Tissue Doppler (TD) echocardiography is a novel technique that directly measures myocardial velocities.7 The early diastolic mitral annular velocity (Ea) has been shown to be a relatively load-independent measure of myocardial relaxation in patients with cardiac disease.7 When TD is combined with pulsed Doppler transmitral flow in early diastole (E), the resultant E/Ea ratio has been correlated with LVFP measured invasively.7,8 However, although mitral E/Ea and BNP have both been proposed for the assessment of LVFP, there has been no direct comparison between the 2 modalities in patients with indwelling pulmonary artery catheters. Therefore, the objective of this study was to compare these 2 noninvasive techniques of LVFP estimation in ICU patients using pulmonary capillary wedge pressure (PCWP) as the reference standard.
The research protocol was approved by the Baylor Institutional Review Board. All participating patients gave informed consent.
Consecutive patients admitted to the ICU or coronary care unit at our institution who had an indwelling pulmonary artery catheter were eligible. Pulmonary artery catheters were inserted by the critical care attending physician for clinical reasons, not for the sole purposes of this study. Exclusion criteria were atrial fibrillation, paced rhythm, severe mitral regurgitation, mitral stenosis, mitral prosthesis, severe mitral annular calcification, acute myocardial infarction, unstable angina, and coronary artery bypass surgery within 72 hours.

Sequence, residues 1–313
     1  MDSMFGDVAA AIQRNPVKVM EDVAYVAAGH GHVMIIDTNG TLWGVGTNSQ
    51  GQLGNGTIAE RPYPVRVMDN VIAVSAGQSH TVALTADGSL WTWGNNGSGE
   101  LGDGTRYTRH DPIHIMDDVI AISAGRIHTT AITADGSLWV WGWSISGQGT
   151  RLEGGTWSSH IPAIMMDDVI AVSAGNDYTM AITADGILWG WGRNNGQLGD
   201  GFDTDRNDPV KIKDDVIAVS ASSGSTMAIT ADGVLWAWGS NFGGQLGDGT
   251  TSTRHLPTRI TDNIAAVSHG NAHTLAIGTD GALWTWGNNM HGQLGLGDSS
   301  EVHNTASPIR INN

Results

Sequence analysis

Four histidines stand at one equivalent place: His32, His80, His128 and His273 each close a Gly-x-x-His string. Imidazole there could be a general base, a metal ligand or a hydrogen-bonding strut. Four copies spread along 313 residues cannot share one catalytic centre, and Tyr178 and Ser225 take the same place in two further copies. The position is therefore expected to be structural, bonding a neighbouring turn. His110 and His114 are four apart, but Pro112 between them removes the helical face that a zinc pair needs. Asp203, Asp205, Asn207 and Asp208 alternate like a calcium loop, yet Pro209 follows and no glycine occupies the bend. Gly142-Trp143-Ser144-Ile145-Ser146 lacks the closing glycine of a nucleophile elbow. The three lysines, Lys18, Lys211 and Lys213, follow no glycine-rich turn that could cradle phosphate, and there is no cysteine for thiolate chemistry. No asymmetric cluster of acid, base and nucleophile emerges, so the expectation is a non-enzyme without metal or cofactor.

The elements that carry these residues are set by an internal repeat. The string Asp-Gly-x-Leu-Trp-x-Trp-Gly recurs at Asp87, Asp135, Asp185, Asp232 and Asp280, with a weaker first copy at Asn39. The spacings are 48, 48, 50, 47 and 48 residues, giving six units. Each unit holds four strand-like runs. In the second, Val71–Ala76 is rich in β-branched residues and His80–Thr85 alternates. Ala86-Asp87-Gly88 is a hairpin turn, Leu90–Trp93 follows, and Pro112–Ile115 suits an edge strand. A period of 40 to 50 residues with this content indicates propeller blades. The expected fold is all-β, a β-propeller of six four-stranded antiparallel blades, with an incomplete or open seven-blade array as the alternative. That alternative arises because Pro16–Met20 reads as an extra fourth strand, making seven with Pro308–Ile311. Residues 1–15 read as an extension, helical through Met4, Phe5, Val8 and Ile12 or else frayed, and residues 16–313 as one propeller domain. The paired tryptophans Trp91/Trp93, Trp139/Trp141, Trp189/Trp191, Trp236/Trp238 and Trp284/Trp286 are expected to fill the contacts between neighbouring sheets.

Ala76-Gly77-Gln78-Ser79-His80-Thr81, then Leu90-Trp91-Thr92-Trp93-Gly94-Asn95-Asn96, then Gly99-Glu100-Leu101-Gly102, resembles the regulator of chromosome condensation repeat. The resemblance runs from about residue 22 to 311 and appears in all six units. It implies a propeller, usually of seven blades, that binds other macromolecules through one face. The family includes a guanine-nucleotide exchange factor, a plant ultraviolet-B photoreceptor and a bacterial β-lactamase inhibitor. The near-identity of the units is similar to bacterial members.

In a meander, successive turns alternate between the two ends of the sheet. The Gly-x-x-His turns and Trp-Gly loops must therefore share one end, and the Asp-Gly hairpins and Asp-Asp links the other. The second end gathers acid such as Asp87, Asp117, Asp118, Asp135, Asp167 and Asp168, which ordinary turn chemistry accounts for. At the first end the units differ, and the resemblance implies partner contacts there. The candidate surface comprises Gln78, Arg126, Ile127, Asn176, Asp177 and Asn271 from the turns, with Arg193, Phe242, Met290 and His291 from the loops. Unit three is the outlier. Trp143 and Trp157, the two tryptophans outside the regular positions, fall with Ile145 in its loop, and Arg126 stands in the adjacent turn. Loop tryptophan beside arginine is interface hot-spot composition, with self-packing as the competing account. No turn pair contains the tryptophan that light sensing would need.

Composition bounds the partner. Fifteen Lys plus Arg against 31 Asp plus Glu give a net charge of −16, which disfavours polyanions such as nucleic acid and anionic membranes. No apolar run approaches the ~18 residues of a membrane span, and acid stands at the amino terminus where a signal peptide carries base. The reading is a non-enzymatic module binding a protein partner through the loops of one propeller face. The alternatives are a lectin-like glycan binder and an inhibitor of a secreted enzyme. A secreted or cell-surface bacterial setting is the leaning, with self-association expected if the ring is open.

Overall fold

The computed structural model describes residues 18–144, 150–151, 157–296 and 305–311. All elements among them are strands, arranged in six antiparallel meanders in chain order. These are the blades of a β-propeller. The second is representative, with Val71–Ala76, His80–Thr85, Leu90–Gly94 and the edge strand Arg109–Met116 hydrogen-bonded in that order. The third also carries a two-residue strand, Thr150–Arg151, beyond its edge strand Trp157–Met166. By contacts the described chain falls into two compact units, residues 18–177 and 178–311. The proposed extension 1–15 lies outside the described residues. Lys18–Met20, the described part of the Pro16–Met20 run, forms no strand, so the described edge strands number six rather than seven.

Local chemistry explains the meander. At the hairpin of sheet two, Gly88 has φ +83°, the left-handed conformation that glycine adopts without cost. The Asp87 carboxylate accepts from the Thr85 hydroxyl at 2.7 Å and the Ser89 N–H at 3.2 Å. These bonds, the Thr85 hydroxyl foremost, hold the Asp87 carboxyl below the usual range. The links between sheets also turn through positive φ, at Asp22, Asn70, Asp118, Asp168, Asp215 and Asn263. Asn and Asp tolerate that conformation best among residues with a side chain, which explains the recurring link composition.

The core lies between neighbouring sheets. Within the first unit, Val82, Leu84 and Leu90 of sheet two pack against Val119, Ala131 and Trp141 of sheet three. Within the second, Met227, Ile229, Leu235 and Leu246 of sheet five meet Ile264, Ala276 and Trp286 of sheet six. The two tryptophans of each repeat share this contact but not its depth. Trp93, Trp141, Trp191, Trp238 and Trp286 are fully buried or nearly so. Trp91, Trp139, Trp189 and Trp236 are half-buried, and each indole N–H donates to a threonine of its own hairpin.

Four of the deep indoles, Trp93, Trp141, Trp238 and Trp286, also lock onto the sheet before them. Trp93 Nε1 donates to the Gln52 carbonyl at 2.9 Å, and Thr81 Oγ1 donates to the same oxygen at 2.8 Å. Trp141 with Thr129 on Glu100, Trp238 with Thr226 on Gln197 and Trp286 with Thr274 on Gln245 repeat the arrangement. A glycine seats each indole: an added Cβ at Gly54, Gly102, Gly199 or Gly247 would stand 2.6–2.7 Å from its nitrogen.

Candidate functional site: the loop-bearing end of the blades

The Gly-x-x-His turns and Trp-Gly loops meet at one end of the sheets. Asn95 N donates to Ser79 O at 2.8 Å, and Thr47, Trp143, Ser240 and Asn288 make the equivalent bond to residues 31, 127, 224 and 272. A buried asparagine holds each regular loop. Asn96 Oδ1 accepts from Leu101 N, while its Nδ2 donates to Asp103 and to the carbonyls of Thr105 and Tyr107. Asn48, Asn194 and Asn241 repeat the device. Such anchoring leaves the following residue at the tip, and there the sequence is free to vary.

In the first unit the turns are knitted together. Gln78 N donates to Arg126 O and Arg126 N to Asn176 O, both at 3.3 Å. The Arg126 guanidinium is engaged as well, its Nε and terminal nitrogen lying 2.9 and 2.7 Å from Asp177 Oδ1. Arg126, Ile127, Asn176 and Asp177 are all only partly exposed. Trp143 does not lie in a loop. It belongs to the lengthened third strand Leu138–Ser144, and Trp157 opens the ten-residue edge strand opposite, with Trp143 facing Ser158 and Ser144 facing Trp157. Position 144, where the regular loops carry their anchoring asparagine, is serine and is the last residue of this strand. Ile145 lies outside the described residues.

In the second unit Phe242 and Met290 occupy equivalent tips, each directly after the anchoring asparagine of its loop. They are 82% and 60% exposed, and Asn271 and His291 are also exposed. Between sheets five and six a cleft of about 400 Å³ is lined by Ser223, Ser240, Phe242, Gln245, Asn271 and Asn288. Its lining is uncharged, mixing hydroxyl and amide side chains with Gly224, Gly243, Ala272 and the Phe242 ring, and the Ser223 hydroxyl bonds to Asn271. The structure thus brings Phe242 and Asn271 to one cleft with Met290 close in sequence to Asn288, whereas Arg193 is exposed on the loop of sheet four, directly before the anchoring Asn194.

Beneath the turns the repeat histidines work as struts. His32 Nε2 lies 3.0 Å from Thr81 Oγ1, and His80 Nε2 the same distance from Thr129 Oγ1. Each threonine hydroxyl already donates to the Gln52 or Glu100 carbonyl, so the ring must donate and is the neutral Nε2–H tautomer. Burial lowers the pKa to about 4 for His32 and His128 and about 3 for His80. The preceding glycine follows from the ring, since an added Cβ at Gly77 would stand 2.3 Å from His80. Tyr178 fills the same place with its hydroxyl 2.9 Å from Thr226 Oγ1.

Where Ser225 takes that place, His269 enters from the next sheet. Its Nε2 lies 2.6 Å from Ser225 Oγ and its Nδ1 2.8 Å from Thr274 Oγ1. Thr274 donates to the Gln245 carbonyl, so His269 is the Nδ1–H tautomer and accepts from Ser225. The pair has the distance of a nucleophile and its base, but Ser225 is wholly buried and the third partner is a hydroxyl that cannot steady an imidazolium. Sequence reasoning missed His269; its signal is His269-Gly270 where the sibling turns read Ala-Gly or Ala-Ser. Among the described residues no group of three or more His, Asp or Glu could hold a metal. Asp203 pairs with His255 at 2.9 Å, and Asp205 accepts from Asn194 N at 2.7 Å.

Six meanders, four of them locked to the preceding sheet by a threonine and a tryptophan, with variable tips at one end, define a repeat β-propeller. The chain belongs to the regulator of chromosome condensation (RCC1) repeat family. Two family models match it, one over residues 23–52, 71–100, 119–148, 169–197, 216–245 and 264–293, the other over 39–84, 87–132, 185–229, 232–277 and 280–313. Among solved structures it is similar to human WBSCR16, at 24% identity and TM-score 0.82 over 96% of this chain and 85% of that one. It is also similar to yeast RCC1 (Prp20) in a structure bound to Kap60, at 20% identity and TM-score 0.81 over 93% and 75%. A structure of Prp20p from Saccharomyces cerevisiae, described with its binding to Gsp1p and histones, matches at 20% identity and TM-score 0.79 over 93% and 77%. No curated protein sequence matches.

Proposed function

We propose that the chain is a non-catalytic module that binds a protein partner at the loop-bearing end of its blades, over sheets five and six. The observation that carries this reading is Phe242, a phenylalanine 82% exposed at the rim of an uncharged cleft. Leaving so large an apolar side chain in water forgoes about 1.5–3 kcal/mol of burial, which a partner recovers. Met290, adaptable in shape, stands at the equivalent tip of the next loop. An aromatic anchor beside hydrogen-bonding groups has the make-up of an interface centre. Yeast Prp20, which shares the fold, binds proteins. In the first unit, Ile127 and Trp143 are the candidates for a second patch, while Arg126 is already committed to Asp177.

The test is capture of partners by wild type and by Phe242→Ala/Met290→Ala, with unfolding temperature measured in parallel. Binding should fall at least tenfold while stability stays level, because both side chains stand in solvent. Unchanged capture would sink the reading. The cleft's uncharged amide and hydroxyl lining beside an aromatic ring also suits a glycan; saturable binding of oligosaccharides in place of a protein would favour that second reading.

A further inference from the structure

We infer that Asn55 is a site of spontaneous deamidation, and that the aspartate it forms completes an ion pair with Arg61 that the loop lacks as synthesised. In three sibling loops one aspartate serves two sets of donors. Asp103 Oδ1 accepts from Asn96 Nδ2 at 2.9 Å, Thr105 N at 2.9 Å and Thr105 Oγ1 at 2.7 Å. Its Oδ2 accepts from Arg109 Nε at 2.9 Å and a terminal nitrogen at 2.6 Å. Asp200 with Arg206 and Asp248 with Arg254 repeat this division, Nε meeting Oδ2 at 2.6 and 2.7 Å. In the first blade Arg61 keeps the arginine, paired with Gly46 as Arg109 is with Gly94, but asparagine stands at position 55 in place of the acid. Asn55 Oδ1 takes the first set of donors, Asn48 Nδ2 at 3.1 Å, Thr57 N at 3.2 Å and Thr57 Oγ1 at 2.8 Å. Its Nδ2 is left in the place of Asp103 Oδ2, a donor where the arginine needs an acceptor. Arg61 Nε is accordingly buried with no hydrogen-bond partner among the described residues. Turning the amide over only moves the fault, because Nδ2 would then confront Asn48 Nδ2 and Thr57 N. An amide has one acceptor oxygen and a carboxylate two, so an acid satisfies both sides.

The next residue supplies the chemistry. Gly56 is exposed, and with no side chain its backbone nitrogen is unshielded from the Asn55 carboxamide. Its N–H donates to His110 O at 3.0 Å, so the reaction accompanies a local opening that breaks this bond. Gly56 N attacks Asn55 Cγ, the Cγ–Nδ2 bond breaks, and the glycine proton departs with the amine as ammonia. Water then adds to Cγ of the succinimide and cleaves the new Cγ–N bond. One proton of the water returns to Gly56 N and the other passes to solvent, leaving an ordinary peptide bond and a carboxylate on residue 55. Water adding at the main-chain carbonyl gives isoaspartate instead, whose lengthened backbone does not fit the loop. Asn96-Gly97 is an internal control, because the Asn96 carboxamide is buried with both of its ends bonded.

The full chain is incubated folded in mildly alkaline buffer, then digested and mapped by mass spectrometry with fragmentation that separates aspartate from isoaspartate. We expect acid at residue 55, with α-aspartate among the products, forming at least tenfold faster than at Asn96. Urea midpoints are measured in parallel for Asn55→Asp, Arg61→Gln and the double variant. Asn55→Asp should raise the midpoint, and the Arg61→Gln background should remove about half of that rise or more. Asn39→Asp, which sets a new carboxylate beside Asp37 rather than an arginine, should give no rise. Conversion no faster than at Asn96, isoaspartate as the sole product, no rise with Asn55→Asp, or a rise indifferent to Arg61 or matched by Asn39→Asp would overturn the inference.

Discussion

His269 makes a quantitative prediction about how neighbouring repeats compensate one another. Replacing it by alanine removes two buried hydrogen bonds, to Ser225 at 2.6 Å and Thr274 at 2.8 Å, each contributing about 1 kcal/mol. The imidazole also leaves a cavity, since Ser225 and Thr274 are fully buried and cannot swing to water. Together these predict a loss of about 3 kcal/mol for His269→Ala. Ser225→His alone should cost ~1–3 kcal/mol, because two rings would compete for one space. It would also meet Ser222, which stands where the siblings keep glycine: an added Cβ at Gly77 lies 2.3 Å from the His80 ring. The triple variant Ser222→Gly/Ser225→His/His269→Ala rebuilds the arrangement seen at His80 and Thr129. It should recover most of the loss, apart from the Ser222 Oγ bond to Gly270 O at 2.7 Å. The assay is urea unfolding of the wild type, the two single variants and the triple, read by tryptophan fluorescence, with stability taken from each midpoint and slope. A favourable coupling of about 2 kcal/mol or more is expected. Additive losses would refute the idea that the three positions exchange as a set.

Patients with cardiac disease were defined as having either clinical evidence of cardiac disease (prior myocardial infarction, angina, heart surgery, percutaneous coronary intervention, known CHF or depressed systolic function, right heart failure) or echocardiographic evidence (enlarged cardiac chambers indexed to body surface area, reduced LV or right ventricular [RV] systolic function, significant valvular disease [any stenosis, regurgitant lesion greater than mild], or significant pericardial or aortic disease).9
Swan-Ganz catheters were positioned in the main pulmonary artery and confirmed by chest radiography. Catheters were then advanced with the distal balloon inflated to an occlusive position identified by characteristic changes in mean pressure values and waveform. Catheters were flushed with normal saline; transducers were positioned at the level of the mid right atrium with patients in the supine position and zeroed before measurement. PCWP determinations were performed 3 times consecutively, and measurements were averaged. All invasive hemodynamic data were obtained without knowledge of BNP and echocardiographic data.
Venous blood (2 mL) was drawn from consenting patients and placed in a Vacutainer tube containing potassium EDTA. Within 30 minutes, the blood was placed on a Triage B-Type Natriuretic Peptide test slide (Biosite Diagnostics) and analyzed in the Biosite MeterPlus machine, a point-of-care test based on fluorescence immunoassay. The test has a range of 5 to 1300 pg/mL.